Artificial intelligence may take your job out of school

Emily+Howard+%7C+The+Appalachian

Emily Howard | The Appalachian

Matt Zothner

Students who are worried about job employment after graduation have every right to be. The economy seems to be on the upswing, but no one knows when it will crash again. Bloomberg Business predicts another economic stumble at the end of 2015, but only time will tell. The economy is never certain. What is certain is the need for jobs after graduation. But will there be any?

Teachers, doctors and other “traditional” professions will always be needed. The professions that tend to fluctuate are in business and technology; industries where adaptation is not only profitable, but necessary. Positions such as social media managers, data scientists and augmented reality specialists did not exist 20 years ago, further proving the job world is ever-changing as a result of the Internet.

Emily Howard | The Appalachian
Emily Howard | The Appalachian

I don’t believe we have foreseen the consequences that will start to take place within the next 10 years in the job market, though. Sputnik News University of Oxford associate professor Michael Osborne predicts almost half of the working population will be replaced by non-human workers – artificial intelligence – in the foreseeable future. This means not only blue-collar work, but the service sector, including food, hospitality and transportation, as well as the information technology and real estate industries.

We are faced with a technological revolution not yet seen in our human history; one where getting a college degree still does not give you a free pass into the job market (although it never really did). According to the Pew Research Center, robots and digital agents will displace more jobs than they create, which is important for the current millennials to know about and plan for.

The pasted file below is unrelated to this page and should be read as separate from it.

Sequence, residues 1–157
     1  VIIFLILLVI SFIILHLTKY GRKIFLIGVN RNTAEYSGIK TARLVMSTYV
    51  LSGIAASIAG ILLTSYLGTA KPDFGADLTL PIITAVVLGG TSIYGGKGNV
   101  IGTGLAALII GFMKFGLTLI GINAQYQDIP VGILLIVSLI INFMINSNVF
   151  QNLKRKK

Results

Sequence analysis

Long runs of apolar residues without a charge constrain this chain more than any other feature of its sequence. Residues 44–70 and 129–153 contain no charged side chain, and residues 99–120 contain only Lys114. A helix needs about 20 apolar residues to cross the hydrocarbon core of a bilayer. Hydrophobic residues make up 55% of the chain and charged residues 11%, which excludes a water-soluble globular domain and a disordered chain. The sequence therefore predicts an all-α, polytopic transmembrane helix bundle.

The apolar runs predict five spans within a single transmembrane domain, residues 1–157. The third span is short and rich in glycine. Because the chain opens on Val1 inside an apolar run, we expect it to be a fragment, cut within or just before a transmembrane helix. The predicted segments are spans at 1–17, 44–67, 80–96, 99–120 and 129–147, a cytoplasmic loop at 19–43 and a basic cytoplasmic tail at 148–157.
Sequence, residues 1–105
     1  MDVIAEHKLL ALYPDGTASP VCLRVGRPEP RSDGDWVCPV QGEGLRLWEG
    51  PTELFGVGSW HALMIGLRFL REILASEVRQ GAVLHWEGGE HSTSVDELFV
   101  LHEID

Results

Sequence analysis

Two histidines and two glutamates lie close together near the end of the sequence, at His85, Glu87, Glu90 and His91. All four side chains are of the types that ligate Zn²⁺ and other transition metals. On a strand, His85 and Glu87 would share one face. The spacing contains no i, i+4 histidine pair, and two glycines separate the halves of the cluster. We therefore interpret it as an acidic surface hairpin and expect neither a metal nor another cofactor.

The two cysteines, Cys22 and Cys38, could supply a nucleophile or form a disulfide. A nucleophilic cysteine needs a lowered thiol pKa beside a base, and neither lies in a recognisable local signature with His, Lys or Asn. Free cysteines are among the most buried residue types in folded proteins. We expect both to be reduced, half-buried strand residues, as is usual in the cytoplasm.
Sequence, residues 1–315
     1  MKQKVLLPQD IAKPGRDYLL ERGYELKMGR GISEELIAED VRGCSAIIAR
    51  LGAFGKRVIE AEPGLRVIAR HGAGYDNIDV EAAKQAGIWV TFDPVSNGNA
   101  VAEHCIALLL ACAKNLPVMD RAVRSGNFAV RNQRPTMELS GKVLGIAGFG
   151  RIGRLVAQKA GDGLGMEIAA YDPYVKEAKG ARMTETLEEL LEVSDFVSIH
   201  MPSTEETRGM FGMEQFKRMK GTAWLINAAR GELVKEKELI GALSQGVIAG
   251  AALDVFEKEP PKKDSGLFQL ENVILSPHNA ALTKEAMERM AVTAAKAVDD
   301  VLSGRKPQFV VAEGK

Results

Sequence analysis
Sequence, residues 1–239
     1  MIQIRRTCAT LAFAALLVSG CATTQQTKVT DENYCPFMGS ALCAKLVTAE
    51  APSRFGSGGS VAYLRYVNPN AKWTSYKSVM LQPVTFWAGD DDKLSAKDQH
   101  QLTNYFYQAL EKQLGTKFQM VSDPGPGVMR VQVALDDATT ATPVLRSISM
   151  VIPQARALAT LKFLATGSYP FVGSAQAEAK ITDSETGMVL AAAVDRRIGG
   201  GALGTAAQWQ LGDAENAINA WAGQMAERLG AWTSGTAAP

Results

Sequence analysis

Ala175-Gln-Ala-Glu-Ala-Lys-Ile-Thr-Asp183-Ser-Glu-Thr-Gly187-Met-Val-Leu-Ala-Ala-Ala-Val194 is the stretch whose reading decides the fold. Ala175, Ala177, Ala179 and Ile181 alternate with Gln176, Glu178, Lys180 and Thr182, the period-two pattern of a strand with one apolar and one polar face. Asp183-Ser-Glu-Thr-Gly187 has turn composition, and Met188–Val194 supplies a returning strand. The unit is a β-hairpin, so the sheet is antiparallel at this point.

For now, machines and technologies are only capable of low-level learning, meaning it will take a while for them to catch up to human-level capabilities such as social understanding and the ability to conceive abstract concepts. But the progress is there.

Jobs with high levels of creativity are much less likely to be taken by robots, according to The Atlantic. This means that any kind of writing, design or media job won’t be snatched up by artificial intelligence – at least for now.

It is important to remember that technology has historically been a net creator of jobs and productivity, because there will always be new problems to solve, according to top tech executives at Google and Microsoft.

If you’re graduating with business and technology degrees, it is urgent that you be on your toes once the job hunt comes around. If you want to be employed in the future, your greatest skill must be the ability to adapt. Unlike past technological revolutions, this time, no one is excluded.

Zothner, a sophomore marketing major from Cary, is an opinion writer.

STORY: Matt Zothner, Opinion Writer
CARTOON: Emily Howard, Cartoonist